the original and is instead a parody;” and (ii) “communicate some articulable element of satire, ridicule, joking, or amusement.”38 ¶26 One commentator has noted that, for the first requirement of this definition, “the line between mimicry and deviation” is tough to traverse.39 If a parody doesn’t go far enough in distinguishing itself from the original product, then it risks being a source of confusion rather than parody, and would thus be vulnerable under an infringement action. On the other hand, if the parody goes too far then it risks becoming just a joke, without parodic content. ¶27 Within the context of dilution, the parody defense is codified in the Lanham Act under the fair use exception, which states that “identifying and parodying, criticizing, or commenting upon the famous mark owner or the goods or services of the famous mark owner” is excluded from coverage by dilution.40 Initially this reads like an all- encompassing protection for parodies. However, the defense is not available for parodies that are primarily commercial, which is defined as “a designation of source for the person’s own goods.”41 ¶28 In practice, a further consideration as to whether a parody defense will be upheld is the distinction between a “wholesome” and “unwholesome” parody. One illustration of this distinction is Jordache Enterprises, Inc. v. Hogg Wyld, Ltd.42 Addressing an action under New Mexico’s trademark act, the case overtly employs the notion of wholesomeness. The court found that Jordache Jeans, using a horse’s head logo, were not diluted by defendant’s “Lardashe” jeans for large size women (the defendant’s jeans featured a pig logo). Addressing the plaintiff’s tarnishment argument, the court reasoned that an “undesirable, unwholesome, or unsavory mental association” had not been sufficiently created by the parody because it was not “particularly unwholesome,” although potentially “in poor taste” to some consumers.43 ¶29 Similarly, in Ringling Bros.-Barnum & Bailey Combined Shows, Inc. v. B.E. Windows Corp., the court addressed a motion for a preliminary injunction based on the theory that the defendant’s slogan “The Best Bar on Earth” tarnished, by association with alcohol, “The Best Show on Earth”—Ringling’s circus slogan.44 The court denied the injunction on the grounds of the plaintiff’s failure to prove likelihood of success on the merits.45 The court noted that the circus already played in some venues serving alcohol, and thus that an association with alcohol was neither new nor tarnishing.46 ¶30 By contrast, in Milky Way the court found injunctive relief appropriate where the defendant depicted plaintiff’s “Poppin’ Fresh” and “Poppie Fresh” characters in sexualized images.47 Similarly, in American Express Co. v. Vibra Approved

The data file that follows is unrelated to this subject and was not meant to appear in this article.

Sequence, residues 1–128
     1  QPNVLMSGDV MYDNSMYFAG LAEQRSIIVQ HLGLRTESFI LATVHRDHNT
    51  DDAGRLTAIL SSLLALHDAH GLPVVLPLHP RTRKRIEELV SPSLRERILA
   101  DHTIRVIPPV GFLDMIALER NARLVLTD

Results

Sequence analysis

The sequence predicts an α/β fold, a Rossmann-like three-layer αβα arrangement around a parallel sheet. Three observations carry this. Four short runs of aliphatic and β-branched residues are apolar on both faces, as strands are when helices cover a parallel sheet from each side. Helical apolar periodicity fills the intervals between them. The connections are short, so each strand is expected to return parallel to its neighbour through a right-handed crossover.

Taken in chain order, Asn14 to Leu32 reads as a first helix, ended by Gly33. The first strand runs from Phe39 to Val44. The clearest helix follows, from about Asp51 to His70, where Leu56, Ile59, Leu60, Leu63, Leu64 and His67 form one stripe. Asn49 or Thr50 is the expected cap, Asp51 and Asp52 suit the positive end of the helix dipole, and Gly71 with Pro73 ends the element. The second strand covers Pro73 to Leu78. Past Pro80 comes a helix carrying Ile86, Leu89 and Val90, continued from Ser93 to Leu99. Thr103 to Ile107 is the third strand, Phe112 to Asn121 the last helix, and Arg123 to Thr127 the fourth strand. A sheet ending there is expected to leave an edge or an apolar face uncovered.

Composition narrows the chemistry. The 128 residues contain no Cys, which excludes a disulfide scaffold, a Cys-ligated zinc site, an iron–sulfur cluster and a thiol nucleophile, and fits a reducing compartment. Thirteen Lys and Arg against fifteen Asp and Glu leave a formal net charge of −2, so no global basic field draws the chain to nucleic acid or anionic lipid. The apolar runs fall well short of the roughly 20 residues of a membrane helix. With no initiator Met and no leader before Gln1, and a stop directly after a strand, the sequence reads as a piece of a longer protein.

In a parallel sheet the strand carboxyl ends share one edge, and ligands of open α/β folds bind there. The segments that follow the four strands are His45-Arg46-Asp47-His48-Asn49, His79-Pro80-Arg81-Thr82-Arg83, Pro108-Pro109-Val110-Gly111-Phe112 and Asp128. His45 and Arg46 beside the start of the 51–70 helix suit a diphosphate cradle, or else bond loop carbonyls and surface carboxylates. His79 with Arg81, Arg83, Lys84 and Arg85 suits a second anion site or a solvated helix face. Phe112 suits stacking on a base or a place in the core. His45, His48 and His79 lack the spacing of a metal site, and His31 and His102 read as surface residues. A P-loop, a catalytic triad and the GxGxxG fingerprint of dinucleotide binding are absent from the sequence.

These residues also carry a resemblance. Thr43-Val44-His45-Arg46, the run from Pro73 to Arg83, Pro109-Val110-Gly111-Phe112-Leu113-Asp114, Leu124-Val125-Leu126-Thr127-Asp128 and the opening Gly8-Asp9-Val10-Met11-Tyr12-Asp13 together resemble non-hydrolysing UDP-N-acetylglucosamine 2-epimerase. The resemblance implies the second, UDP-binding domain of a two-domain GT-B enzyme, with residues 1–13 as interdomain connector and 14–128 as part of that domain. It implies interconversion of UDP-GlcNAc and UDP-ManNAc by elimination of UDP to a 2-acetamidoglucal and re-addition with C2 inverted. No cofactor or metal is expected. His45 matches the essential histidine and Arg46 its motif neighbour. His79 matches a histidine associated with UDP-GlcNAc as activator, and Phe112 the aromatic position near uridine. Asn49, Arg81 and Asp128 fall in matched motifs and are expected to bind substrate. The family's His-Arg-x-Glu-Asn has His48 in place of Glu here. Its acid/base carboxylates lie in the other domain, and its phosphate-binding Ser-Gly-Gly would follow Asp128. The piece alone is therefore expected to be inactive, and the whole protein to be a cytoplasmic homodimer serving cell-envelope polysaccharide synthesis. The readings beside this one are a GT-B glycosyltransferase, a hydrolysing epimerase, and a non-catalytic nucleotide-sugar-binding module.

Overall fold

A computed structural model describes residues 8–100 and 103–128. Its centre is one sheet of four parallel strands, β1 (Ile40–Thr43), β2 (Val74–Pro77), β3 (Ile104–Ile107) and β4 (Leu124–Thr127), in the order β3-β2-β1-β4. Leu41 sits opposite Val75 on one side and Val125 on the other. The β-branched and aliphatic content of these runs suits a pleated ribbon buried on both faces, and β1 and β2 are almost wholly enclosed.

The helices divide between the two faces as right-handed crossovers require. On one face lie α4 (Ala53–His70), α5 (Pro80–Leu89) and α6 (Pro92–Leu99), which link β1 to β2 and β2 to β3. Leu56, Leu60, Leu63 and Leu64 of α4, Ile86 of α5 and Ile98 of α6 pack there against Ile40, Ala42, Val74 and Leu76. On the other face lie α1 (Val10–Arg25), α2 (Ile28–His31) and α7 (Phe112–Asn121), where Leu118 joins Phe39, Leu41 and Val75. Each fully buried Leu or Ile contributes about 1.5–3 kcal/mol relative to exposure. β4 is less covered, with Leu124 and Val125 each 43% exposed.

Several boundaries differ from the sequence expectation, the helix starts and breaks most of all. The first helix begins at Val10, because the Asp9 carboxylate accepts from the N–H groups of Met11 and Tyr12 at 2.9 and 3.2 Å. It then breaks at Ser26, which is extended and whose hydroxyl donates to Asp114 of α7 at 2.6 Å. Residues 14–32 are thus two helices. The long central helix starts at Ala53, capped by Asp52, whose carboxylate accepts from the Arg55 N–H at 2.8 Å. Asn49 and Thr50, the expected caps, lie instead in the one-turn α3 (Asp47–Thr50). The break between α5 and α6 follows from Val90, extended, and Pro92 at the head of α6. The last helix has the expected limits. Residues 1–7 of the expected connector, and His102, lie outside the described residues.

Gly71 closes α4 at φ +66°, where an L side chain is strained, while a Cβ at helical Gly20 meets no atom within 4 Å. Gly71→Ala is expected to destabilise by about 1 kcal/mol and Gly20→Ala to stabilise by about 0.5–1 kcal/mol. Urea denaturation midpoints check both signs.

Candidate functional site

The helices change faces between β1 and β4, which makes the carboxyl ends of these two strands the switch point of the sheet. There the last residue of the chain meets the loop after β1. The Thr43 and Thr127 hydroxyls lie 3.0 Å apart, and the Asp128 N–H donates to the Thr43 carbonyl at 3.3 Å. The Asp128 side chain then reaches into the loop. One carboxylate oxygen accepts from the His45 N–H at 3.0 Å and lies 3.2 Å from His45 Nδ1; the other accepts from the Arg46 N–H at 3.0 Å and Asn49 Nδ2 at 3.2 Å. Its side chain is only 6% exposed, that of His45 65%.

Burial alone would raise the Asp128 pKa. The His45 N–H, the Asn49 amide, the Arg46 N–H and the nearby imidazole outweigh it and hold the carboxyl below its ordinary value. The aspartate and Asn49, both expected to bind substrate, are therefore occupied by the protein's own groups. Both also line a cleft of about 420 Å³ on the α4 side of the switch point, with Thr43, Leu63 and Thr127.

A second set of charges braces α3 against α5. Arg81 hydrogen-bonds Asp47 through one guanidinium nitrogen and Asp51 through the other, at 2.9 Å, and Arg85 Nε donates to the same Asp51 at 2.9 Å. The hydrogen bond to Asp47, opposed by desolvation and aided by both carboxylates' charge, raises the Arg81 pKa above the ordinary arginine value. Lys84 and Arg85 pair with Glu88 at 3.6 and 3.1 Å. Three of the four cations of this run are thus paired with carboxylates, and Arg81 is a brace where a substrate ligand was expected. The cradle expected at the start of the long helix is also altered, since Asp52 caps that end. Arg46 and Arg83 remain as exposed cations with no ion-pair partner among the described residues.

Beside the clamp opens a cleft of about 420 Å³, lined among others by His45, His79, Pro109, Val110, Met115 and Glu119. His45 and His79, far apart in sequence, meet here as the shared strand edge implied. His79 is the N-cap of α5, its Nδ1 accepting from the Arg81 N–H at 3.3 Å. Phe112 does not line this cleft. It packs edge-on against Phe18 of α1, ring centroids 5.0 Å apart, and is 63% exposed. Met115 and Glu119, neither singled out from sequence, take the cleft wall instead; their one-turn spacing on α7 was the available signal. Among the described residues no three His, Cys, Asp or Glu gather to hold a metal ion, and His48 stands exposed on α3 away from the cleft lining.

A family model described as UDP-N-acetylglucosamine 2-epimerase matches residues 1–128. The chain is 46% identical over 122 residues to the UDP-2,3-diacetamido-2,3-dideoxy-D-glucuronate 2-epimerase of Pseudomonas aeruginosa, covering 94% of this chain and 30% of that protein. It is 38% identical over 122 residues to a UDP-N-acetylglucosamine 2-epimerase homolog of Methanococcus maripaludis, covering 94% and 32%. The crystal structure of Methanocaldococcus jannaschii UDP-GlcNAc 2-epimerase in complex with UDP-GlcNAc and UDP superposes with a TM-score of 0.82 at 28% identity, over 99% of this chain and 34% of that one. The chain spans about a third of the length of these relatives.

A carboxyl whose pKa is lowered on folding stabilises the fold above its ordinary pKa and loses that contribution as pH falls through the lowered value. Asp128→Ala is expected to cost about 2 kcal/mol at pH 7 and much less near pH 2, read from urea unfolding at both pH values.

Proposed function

38 See, e.g., People for the Ethical Treatment of Animals v. Doughney, 263 F.3d 359, 366 (4th Cir. 2001); Louis Vuitton Malletier S.A. v. Haute Diggity Dog, LLC, 507 F.3d 252, 260 (4th Cir. 2007). 39 See Laura E. Little, Regulating Funny: Humor and the Law, 94 CORNELL L. REV. 1235, 1265 (2009). 40 § 43(c)(3)(A)–(A)(ii). 41 § 43(c)(3)(A). 42 Jordache Enters. v. Hogg Wyld, Ltd., 625 F. Supp. 48 (D. N.M. 1985). 43 Id. at 57. 44 Ringling Bros.-Barnum & Bailey Combined Shows, Inc. v. B.E. Windows Corp., 937 F. Supp. 204 (S.D.N.Y. 1996). 45 Id. at 211. 46 Id. 47 See supra Part II.